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PROTHE´SMIA (προθεσμία) means generally an appointed time: thus in Aeschin. c. Tim. § 39, εἴ τις ἄλλη πώποτε τοιαύτη γέγονε προθεσμία, the scholiast explains the term καταχρηστικῶς ἀντὶ τοῦ χρόνου. The term is specially applied (1) to the time which was allowed by law to a defendant for paying damages, after the expiration of which, if he had not paid them, he was called ὑπερήμερος (Harpocr. s. v.; or ὑπερπρόθεσμος, Suid. s.v. or ἐκπρόθεσμος, Schol. Dem. c. Mid. p. 540, 22); the accuser might allow the defendant a longer time than the law fixed (ἀναβάλλεσθαι τὴν ὑπερημερίαν, [Dem.] c. Everg. p. 1154.49 f., etc.).

(2) Prothesmia denotes the term limited for bringing actions and prosecutions at Athens. In all systems of jurisprudence some limitation of this sort has been prescribed for the sake of securing possession, and preventing vexatious litigation (cf. Isocr. Archid. § 26, τὰς κτήσεις καὶ τὰς ἰδίας καὶ τὰς κοινάς, ἄν ἐπιγένηται πολὺς χρόνος, κυρίας καὶ πατρῴας ἅπαντες εἰναι νουίζουσιν). The Athenian τῆς προθεσμίας ϝόμος corresponds to our Statute of Limitations. The time for commencing actions to recover debts,1 or litigation with guardians, appears to have been limited to five years at Athens (Dem. pro Phorm. p. 952.26 f., in a δίκη ἀφορμῆς--c. Nausim. p. 989.17 f.; p. 993.27; cf. Plat. Legg. xi. p. 928 C, μέχρι πέντε ἐτῶν ἐξηκούσης τῆς ἐπιτροπῆς ἔστω δίκην λαχεῖν ἐπιτροπίας). Inheritance causes stood on a peculiar footing. When an estate had been adjudged to a party, he was still liable to an action at the suit of a new claimant for the whole period of his life (Isae. Dicaeog. § § 7, 35, etc.) and his heir for five years afterwards (Isae. Pyrrh. § 58, and Schömann ad l.c. p. 257 and p. 432; cf. Dem. c. Macart. p. 1055.16, lex). We do not know the limit of time for claiming an ἐπίκληρος who had been already adjudged by the archon, but Caillemer's suggestion is very probable that she could not be claimed after having given birth to a son (Le Droit de Succession. Legit. p. 42). The liability of bail continued only for a year, according to Dem. c. Apatur p. 901.27 (τὰς ἐγγύας ἐπετείους εῖναι) Caillemer (La Prescription, etc. p. 18 ff.) limits this law to commercial transactions, and Thalheim (Rechtsaltert. p. 92, n. 2) quotes C. I. A. ii. No. 565, 1. 3, No. 1056, No. 1058, 50.20, to show that the liability of sureties for leases continued longer.2 It is doubtful whether any period was prescribed for bringing criminal prosecutions,3 at least for offences of the more serious kind, though of course there would be an indisposition in the jury to convict, if a long time had elapsed since the offence was committed. A charge of wounding with intent was brought four years after the affair (Lys. c. Sim. § § 19, 39); Lycurgus proceeded against Leocrates nearly eight years after the latter's flight; we know from Lys. pro Sacra Olea, § 17, that there was no fixed time after which the liability of one who had uprooted a moria ceased, but on the other hand Lipsius concludes from Dem. c. Aristocr. p. 646.80, that there was a limit of time in a γραφὴ φόνου. The γραφὴ παρανόμων could only be brought against the proposer of a law or psephisma within a year after the propounding of it (Dem. c. Lept. p. 501.144; cf. argum. p. 453); and the εὔθυναι against magistrates were limited to a certain period (Pollux, 8.45), viz. thirty days according to Boeckh, Sthh. i.3 p. 242. (Att. Process, ed. Lipsius, p. 963 ff., p. 838 ff.)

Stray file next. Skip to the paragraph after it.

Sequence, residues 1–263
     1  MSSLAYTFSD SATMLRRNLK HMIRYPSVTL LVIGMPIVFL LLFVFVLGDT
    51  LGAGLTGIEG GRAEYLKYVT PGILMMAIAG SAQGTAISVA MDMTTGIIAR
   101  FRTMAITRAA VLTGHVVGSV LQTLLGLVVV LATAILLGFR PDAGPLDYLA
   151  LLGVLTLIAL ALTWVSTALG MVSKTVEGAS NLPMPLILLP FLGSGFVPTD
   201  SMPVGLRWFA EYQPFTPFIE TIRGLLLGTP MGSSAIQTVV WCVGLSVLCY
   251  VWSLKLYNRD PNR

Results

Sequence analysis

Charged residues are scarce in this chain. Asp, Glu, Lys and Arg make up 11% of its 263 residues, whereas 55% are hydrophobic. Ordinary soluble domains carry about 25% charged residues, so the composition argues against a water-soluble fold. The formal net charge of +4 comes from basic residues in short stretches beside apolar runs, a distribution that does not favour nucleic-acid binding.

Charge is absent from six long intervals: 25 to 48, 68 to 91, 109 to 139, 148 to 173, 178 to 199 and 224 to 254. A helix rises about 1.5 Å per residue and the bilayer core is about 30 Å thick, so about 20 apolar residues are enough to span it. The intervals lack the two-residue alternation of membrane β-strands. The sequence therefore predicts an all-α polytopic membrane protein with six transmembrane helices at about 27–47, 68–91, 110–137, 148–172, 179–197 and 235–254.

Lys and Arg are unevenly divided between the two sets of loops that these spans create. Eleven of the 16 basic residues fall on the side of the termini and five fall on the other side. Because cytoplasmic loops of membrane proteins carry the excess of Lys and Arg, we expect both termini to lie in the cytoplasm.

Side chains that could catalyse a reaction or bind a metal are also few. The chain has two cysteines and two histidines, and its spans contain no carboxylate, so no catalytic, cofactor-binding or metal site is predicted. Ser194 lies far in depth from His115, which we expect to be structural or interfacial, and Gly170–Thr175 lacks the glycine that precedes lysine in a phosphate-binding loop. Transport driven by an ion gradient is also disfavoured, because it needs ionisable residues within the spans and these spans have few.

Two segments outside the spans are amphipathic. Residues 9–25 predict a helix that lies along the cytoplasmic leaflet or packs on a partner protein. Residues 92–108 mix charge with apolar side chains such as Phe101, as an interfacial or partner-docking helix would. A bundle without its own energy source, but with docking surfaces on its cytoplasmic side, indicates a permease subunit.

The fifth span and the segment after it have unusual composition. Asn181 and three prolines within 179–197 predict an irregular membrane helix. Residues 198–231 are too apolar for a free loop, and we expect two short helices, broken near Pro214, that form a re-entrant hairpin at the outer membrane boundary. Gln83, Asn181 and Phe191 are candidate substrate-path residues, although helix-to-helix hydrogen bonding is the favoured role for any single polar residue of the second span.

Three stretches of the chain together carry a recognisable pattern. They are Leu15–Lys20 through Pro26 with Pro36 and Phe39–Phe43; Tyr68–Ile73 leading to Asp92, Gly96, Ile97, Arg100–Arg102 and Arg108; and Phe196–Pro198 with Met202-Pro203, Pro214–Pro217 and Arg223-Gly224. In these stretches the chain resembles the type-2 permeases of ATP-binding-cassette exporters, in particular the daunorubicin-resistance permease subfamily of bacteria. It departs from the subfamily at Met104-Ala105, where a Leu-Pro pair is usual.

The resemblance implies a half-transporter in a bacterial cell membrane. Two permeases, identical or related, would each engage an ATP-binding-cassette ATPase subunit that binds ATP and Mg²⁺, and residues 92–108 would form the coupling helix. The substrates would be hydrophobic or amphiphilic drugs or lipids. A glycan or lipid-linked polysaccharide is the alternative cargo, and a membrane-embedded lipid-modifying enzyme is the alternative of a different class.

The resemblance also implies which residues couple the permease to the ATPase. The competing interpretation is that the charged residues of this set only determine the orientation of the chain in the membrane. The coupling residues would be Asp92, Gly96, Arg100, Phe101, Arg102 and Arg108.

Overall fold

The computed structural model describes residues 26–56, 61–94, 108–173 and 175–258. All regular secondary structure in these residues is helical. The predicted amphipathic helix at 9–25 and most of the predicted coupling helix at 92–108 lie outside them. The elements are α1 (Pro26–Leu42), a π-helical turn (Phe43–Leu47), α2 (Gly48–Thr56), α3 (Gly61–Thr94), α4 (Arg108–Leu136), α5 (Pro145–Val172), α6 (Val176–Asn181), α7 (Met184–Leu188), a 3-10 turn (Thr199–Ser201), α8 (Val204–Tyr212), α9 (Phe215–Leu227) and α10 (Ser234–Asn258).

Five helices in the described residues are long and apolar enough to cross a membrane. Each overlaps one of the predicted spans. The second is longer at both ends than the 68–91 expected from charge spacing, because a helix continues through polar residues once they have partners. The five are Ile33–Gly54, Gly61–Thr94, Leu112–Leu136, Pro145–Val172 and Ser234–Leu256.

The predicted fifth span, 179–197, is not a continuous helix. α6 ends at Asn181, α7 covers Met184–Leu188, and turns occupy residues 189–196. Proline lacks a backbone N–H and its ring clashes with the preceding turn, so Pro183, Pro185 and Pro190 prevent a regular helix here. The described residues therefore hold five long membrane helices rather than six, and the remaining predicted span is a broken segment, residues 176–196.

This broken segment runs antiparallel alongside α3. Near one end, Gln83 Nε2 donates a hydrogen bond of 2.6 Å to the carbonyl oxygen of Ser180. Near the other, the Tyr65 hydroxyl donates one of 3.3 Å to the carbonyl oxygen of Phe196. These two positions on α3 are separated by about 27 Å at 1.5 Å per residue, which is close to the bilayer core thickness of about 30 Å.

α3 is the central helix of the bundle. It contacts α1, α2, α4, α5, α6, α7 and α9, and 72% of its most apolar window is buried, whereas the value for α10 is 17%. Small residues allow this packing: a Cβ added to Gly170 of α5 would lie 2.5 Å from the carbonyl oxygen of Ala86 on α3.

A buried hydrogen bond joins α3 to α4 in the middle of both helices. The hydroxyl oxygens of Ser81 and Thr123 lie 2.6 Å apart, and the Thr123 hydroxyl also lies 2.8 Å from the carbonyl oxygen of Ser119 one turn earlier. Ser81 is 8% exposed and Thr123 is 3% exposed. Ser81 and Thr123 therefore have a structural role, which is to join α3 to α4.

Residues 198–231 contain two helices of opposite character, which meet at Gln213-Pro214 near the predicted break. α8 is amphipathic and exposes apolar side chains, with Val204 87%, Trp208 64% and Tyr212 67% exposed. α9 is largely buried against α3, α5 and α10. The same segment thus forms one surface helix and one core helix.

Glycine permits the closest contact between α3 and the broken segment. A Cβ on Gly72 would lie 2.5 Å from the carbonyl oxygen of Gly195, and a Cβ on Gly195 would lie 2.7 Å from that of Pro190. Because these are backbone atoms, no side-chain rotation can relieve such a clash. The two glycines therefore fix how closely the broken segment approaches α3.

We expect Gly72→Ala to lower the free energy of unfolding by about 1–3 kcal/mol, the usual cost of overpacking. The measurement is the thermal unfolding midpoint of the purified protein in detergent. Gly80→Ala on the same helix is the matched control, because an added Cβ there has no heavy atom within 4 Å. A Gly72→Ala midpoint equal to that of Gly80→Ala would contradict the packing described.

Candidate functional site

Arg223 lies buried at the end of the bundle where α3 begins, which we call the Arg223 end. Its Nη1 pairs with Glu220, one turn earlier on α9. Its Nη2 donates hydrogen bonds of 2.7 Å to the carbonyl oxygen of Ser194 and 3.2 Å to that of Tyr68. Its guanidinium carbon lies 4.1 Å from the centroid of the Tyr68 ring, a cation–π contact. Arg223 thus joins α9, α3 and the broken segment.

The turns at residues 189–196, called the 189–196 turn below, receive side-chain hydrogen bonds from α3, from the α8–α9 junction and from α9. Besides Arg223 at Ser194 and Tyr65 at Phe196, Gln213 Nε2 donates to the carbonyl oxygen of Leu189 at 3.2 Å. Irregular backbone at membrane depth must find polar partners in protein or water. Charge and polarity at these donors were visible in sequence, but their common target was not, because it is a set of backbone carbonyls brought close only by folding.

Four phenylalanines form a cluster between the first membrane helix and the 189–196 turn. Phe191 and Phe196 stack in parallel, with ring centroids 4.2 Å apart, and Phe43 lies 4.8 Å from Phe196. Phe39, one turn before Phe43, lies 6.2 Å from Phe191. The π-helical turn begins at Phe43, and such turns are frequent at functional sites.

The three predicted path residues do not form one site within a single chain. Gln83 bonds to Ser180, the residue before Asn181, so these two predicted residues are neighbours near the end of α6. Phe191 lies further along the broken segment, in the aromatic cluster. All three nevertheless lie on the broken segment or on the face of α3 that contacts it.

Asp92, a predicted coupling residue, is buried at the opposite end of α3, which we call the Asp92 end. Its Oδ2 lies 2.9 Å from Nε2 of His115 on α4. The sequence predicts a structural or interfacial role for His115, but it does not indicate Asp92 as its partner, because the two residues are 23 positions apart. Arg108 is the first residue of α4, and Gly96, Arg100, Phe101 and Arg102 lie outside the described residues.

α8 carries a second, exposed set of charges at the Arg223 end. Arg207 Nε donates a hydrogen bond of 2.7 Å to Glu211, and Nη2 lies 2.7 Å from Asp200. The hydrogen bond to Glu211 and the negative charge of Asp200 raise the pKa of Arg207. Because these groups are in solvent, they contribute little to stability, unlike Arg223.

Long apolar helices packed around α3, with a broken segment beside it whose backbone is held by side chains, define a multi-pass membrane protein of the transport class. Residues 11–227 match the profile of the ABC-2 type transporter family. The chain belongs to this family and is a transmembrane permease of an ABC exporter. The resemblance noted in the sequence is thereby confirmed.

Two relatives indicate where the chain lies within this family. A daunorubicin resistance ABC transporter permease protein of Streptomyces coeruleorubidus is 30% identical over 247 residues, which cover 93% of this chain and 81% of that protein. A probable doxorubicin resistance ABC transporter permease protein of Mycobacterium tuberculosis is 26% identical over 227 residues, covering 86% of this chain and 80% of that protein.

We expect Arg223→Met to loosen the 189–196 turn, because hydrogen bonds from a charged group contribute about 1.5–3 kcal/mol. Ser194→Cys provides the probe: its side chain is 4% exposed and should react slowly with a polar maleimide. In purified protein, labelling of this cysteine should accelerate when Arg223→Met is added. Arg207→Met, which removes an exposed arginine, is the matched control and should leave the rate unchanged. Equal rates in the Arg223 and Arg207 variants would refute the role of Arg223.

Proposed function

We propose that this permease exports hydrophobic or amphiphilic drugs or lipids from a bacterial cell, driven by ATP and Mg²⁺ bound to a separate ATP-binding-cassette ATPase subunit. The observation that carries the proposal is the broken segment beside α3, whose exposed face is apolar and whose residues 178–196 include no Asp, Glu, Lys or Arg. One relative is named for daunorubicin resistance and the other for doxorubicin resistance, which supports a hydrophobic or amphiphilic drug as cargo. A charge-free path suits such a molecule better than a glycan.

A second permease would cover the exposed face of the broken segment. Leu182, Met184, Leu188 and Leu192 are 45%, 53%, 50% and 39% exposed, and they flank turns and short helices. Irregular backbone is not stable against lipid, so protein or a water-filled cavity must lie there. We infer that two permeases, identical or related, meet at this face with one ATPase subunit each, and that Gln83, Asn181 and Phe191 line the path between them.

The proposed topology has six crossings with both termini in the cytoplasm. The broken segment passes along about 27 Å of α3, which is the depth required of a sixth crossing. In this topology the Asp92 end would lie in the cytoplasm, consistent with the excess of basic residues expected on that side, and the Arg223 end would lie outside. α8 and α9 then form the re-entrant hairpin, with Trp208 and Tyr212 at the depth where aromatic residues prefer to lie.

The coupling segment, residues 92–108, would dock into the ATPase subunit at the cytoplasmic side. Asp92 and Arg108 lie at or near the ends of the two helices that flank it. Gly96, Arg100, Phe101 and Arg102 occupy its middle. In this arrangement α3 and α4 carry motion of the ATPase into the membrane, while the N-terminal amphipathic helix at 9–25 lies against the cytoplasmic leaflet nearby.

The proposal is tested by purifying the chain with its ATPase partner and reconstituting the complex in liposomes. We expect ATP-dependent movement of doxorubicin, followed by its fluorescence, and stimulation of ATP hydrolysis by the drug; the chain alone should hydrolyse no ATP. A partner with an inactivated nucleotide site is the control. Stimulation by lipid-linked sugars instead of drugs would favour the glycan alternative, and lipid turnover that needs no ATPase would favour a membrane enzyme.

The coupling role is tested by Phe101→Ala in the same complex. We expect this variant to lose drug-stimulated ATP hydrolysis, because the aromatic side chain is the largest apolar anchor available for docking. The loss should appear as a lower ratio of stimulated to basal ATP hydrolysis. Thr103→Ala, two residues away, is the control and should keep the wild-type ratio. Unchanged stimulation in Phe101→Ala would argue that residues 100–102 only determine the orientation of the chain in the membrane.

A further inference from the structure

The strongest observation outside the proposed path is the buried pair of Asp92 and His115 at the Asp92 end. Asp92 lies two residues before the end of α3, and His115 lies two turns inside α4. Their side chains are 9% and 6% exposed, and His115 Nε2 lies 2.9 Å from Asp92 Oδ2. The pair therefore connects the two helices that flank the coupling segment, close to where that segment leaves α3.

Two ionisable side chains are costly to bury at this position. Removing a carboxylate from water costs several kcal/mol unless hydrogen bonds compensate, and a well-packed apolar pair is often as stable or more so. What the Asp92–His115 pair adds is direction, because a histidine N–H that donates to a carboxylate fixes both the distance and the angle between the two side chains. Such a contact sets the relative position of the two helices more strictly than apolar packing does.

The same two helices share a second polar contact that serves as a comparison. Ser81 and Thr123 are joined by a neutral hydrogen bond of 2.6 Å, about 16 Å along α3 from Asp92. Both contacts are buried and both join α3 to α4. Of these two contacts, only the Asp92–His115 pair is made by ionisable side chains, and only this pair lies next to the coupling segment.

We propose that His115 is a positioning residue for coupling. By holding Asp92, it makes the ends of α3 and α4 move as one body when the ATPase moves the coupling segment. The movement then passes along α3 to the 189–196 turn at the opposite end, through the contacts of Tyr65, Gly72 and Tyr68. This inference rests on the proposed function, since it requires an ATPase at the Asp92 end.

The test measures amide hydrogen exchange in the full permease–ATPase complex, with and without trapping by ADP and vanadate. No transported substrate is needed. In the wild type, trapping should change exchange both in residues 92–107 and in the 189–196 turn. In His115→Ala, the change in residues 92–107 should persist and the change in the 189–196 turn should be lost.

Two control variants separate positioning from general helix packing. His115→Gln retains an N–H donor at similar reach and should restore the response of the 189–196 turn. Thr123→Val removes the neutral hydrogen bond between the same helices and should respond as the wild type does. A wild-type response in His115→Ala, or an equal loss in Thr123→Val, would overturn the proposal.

[C.R.K] [H.H]

1 In king Antigonus' letter to the Teians one year is fixed as limit (Dittenberger, Syll. I. Gr. No. 126, 50.38 ff.; Hicks, Manual, No. 149 A, § 7).

2 For Ephesus, see Dittenberger, Syll. Gr. No. 344, 50.42 ff.; cf. the Lebadean building contract, ibid. No. 353, 50.25 ff. In Heraclea bail is renewed every five years (C. I. G. No. 5774, 1. 140=Cauer,2 No. 40, 50.140).

3 In a Teian inscription (Dittenb. No. 349, 50.50 ff.) misappropriation of certain public moneys is put on a level with ἱεροσυλία, and consequently προθεσμιᾳ δὲ μηδὲ ἄλλῳ τρόπῳ μηθενὶ ἐξέστω τῶν δικῶν τούτων μηδεμίαν ἐγβαλεῖν.

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